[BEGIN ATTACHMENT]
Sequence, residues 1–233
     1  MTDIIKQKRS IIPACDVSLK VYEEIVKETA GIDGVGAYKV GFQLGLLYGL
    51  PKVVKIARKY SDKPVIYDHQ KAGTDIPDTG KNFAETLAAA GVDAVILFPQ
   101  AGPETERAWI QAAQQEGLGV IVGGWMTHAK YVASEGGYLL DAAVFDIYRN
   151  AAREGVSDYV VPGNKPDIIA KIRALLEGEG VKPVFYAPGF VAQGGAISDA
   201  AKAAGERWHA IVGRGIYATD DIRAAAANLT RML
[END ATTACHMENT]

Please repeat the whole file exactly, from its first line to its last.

Sequence, residues 1–233
     1  MTDIIKQKRS IIPACDVSLK VYEEIVKETA GIDGVGAYKV GFQLGLLYGL
    51  PKVVKIARKY SDKPVIYDHQ KAGTDIPDTG KNFAETLAAA GVDAVILFPQ
   101  AGPETERAWI QAAQQEGLGV IVGGWMTHAK YVASEGGYLL DAAVFDIYRN
   151  AAREGVSDYV VPGNKPDIIA KIRALLEGEG VKPVFYAPGF VAQGGAISDA
   201  AKAAGERWHA IVGRGIYATD DIRAAAANLT RML